Collarbone injury compensation claims
This article considers everything you should know about making a successful collarbone accident compensation claim.
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The collarbone (clavicle) is the narrow bone joining the shoulder bone (scapula) to the breast bone (sternum).
Around 300,000 people a year break their collarbone making it one of the most common bones in the body to be fractured.
Usually the result of heavy impact with a hard surface, collarbone fractures may occur when a falling person outstretches his or her hand to halt the fall, or where the impact of the fall is at the point of the shoulder.
Surgery may be required in more severe cases where the bone has broken through the skin or been fractured in several places. This may involve pins, plates and screws to give stability during the longer healing process.
Collarbone injuries can take around 6-8 weeks to heal, during which time the surrounding muscles will weaken through immobility. Physiotherapy is often required post-healing to restore full function to the shoulder region.
Compensation for a collarbone injury often provides vital financial support to cover lost wages and the cost of necessary physiotherapy.
If you have suffered a collarbone injury in the last three years (longer if children were involved) and someone else was to blame, then we can help you make a compensation claim.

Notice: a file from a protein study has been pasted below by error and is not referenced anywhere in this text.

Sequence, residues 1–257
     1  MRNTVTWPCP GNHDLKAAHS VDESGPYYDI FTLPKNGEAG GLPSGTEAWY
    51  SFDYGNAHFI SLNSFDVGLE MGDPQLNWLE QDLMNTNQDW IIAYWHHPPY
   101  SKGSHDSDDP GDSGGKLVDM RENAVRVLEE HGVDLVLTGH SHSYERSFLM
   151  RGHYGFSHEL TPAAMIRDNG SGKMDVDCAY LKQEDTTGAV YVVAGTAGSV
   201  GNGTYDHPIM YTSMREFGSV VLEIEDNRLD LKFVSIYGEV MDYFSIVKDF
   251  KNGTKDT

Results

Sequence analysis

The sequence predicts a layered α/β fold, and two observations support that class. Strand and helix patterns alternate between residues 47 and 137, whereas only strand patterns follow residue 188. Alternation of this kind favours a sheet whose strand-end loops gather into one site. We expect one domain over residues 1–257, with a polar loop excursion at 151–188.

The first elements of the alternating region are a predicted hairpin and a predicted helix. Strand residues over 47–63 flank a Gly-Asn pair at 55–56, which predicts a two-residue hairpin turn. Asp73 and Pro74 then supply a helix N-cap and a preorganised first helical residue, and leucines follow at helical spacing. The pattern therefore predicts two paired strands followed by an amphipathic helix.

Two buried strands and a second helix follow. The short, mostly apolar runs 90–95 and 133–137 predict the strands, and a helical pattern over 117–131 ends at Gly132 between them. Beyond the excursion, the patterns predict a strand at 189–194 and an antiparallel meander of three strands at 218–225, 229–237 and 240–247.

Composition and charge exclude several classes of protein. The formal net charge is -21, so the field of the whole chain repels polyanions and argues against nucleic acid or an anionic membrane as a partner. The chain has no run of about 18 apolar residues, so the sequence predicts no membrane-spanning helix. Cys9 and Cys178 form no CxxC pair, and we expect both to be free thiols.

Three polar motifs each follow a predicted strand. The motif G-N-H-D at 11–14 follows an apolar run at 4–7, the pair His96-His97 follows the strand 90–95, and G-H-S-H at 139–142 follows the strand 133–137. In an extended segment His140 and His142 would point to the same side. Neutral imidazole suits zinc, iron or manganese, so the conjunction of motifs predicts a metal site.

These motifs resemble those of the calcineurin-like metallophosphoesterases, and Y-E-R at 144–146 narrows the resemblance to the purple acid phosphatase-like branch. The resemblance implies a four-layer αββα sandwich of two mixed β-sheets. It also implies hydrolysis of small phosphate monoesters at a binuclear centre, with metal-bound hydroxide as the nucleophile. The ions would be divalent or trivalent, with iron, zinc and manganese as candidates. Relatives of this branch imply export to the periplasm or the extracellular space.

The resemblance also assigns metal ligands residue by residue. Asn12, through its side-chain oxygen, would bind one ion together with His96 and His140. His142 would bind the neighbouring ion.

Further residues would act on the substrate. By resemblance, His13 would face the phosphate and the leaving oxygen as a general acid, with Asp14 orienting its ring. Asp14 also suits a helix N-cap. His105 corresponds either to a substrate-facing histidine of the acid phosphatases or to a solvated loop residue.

Several types of accidents may result in a person breaking his collarbone. Many such accidents could be prevented and may give rise to a compensation claim.
Loose flooring or uneven paving may cause slips, trips and falls in which people break a collarbone. Where proper maintenance has not been carried out to reduce accident risk, the owner of the premises may be liable.
Similarly, hazards including obstacles, worn floor covering or spilt liquids on staircases may cause a person's fall down a flight of stairs. These accidents may occur in the workplace, retail establishments, multi-storey car parks or public areas.
Accidents at work are a common cause of these injuries. Workers in construction, factory and warehouse environments are more likely to sustain a fall from a height accident - also a cause of collarbone fracture - where health and safety regulations have been breached.
Other instances of collarbone fractures at work may be due to workers being struck on the shoulder by falling objects, or being trapped between two heavy objects.
Collarbones may be also broken as a result of physical assault by another, or through the impact of a road traffic accident - as pedestrian, cyclist or vehicle occupant or driver.
I have a strong claim - why won't a solicitor take it on?
Depending on how and where the accident occurred, different bodies cover the cost of compensation awards arising from personal injuries; therefore establishing the cause and gathering evidence is important in bringing any claim.
An accident in the workplace may be due to the employer failing in his duty of care to ensure the health, safety and welfare of his employees.